As you read here yesterday, redistricting allows incumbents to pack districts with supporters, making it difficult for challengers to mount an effective campaign against them. There's often talk about the bad legislative districts that this process creates.

We got curious about what a good district looks like.

Robert Cheetham is president and CEO of Avencia Inc., the Philadelphia-based computer mapping company that runs Redistricting the Nation, which we mentioned earlier.

Cheetham says that a good district represents a "capsulation of a community of interest," like a set of neighborhoods or an ethnic group.

Gerrymandered districts tend to split communities apart into different pieces and can end up looking a little strange — in fact, a funny-looking district may be a sign of gerrymandering.

One way to judge how "funny" a district looks is to measure its "compactness," or how shaped like a circle a district is. Avencia's website uses (and explains) commonly used measures for compactness.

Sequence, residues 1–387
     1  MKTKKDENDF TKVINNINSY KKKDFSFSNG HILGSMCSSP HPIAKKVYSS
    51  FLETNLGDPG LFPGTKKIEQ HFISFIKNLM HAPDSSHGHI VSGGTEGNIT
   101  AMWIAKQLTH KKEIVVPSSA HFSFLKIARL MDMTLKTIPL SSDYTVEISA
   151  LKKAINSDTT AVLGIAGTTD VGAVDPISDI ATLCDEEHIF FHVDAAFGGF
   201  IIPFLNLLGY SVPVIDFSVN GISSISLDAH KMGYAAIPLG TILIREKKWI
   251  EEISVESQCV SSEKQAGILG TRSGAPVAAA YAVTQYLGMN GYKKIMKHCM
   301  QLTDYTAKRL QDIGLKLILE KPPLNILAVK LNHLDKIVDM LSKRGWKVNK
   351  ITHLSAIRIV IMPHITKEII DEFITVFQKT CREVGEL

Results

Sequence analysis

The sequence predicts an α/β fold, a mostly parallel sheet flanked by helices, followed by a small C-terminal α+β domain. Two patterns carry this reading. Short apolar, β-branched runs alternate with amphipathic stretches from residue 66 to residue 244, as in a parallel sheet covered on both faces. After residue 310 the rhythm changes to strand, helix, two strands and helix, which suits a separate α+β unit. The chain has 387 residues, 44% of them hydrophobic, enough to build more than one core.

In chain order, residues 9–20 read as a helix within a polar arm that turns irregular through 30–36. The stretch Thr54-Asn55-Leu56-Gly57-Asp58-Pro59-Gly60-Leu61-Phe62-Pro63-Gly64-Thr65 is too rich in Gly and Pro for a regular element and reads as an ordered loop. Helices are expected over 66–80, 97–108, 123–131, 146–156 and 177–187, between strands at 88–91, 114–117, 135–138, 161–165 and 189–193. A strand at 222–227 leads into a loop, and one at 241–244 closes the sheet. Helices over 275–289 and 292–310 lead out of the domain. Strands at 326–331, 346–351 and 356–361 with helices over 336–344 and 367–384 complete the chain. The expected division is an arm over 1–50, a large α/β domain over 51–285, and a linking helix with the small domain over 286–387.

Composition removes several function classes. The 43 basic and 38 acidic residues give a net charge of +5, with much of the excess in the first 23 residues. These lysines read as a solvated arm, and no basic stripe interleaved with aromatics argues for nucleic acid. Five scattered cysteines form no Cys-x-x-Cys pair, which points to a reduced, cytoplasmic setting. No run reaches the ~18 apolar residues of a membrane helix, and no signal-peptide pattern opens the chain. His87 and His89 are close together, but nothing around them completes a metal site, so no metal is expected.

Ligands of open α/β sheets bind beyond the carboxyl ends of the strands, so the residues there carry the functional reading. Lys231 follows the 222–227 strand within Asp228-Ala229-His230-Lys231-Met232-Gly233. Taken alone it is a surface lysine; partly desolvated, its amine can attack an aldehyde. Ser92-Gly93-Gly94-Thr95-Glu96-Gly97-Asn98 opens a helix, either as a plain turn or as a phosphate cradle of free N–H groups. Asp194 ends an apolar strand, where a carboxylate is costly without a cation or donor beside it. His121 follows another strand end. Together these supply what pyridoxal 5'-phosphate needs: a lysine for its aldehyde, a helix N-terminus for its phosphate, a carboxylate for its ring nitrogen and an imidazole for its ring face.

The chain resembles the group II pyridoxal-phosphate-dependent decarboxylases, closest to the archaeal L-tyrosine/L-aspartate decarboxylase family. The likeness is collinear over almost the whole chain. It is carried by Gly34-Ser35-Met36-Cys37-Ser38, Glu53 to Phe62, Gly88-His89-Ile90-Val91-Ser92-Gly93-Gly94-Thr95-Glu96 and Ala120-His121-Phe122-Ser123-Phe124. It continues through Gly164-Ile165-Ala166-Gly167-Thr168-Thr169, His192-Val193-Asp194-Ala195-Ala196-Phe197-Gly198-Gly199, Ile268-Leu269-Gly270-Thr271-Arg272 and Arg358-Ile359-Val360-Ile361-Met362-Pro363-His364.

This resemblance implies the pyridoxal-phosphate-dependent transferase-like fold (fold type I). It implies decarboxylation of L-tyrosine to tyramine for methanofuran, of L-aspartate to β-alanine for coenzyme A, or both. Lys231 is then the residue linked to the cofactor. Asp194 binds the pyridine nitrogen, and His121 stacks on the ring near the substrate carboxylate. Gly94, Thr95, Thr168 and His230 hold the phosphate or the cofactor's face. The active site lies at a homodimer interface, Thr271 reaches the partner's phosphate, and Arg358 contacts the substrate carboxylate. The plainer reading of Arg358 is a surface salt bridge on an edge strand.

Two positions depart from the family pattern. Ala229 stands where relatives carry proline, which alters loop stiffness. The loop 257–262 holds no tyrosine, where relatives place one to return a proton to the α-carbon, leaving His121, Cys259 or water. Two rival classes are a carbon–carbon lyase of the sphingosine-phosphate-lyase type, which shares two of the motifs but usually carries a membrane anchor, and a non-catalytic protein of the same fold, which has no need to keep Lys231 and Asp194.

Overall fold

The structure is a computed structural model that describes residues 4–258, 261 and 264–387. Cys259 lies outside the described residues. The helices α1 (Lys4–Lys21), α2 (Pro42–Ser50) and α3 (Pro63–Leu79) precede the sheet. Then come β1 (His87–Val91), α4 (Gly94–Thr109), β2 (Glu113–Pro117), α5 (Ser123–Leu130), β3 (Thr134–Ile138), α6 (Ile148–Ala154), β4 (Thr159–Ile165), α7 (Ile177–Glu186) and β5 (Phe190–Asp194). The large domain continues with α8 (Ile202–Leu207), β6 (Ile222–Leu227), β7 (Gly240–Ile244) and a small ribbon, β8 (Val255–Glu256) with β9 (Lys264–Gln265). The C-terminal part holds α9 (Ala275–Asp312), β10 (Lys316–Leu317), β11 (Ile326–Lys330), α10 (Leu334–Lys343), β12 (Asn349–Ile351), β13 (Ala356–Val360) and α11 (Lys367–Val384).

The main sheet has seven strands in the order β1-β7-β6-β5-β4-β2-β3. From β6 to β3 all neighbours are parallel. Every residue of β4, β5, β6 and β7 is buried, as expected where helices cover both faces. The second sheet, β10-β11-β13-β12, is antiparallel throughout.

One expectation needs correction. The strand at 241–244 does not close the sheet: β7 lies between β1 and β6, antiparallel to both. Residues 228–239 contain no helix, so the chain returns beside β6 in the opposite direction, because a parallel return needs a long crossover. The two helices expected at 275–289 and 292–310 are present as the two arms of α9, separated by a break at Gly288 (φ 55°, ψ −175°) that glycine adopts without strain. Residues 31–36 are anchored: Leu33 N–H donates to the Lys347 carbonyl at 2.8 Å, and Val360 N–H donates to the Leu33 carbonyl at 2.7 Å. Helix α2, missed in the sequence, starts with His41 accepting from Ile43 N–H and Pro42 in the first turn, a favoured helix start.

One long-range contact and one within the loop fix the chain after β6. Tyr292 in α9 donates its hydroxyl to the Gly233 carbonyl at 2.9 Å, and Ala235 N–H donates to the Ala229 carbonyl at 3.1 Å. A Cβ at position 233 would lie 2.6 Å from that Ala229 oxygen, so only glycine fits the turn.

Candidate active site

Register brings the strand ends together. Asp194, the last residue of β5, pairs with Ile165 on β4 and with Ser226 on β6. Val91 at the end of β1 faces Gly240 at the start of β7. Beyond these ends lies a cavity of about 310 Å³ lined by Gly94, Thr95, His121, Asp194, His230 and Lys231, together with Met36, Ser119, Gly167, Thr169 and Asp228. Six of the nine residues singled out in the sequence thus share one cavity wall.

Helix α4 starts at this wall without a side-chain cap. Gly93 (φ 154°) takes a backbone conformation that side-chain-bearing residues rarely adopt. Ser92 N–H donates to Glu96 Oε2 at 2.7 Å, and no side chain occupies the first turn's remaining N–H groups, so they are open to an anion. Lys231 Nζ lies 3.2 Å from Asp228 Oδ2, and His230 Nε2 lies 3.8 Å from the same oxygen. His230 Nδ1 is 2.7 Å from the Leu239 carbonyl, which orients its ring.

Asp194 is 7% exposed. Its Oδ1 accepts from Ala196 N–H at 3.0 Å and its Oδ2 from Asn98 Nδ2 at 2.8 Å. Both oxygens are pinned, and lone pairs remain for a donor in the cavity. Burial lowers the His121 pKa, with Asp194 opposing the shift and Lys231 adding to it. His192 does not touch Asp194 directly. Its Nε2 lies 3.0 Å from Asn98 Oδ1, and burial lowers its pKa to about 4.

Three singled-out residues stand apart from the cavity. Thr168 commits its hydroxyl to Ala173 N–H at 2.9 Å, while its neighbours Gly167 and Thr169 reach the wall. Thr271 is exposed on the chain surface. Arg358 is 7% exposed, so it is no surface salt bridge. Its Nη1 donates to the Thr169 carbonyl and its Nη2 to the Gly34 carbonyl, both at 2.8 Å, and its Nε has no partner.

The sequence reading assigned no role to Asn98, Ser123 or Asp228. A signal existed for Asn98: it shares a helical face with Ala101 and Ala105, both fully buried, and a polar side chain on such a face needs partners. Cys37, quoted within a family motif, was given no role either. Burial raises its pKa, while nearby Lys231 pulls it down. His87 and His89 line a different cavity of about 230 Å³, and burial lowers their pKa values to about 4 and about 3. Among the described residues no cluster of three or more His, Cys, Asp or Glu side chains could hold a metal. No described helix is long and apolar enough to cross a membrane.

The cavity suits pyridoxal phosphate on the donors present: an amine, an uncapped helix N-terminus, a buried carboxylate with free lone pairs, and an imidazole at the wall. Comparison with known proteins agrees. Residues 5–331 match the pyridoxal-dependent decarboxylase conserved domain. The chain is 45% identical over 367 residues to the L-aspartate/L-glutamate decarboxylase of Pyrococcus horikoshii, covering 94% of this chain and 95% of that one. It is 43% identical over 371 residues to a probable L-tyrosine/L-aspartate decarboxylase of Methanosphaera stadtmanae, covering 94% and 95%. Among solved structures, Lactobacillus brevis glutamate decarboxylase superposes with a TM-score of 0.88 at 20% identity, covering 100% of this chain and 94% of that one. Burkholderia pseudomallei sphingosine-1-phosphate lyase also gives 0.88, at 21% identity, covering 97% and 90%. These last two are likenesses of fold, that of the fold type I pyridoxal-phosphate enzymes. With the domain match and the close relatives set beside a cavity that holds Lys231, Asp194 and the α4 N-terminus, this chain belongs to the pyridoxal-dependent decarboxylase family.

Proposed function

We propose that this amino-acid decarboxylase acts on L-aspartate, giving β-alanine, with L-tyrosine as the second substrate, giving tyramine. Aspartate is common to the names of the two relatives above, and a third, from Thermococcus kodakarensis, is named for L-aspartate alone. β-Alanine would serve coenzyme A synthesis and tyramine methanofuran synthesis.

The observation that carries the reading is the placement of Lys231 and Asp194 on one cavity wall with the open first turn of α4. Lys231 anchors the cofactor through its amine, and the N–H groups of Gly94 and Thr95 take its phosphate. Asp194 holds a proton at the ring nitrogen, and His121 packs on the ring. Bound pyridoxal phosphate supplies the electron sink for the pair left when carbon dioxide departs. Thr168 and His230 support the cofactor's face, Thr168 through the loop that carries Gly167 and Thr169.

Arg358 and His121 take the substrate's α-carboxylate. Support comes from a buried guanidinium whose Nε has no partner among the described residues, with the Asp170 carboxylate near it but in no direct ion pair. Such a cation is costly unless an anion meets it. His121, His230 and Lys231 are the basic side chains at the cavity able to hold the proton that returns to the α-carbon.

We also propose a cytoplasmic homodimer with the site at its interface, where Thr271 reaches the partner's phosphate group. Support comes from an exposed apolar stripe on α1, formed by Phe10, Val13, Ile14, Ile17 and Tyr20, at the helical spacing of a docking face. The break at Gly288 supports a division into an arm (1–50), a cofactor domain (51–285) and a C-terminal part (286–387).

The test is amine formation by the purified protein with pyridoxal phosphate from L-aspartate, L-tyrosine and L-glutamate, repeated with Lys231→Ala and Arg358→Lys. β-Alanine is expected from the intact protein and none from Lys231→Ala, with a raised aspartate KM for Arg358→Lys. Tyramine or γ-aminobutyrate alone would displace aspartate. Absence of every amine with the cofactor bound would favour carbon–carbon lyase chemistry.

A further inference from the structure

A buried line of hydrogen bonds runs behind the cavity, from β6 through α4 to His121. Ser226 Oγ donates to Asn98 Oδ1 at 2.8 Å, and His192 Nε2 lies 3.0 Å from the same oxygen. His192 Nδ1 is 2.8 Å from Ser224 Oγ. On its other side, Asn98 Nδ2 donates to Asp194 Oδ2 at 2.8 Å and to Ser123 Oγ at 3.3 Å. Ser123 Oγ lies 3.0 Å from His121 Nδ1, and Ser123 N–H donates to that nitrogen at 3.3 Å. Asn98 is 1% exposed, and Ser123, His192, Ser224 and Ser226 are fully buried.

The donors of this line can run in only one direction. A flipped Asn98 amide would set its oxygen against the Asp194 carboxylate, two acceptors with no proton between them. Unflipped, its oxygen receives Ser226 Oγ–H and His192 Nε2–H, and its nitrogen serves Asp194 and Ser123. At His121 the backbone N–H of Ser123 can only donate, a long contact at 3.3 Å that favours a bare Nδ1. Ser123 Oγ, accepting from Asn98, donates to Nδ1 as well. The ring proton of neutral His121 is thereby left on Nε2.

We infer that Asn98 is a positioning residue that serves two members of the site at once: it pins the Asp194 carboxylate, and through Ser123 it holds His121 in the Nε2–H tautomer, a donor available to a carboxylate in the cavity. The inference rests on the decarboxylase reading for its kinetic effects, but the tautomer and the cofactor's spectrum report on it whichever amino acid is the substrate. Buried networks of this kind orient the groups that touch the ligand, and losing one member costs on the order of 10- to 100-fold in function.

Cheetham cautions that compactness isn't a perfect measure of gerrymandering. One district in Arizona, which has a non-partisan redistricting process, looks particularly tortured because a Hopi Indian reservation wanted to be in a separate legislative district from a surrounding population of Navajos.

Because of that, he says that a public process is essential to redistricting fairly. He even suggests that community members be allowed to submit their own redistricting plans for consideration.

We asked Avencia to find us an example of a good, compact Pennsylvania district. Analyst Dana Bauer says that the fourth Senate District, representing parts of Montgomery and Philadelphia counties, looks good. The district is highly compact, and follows administrative and natural boundaries, she says. Check out the map and stats.

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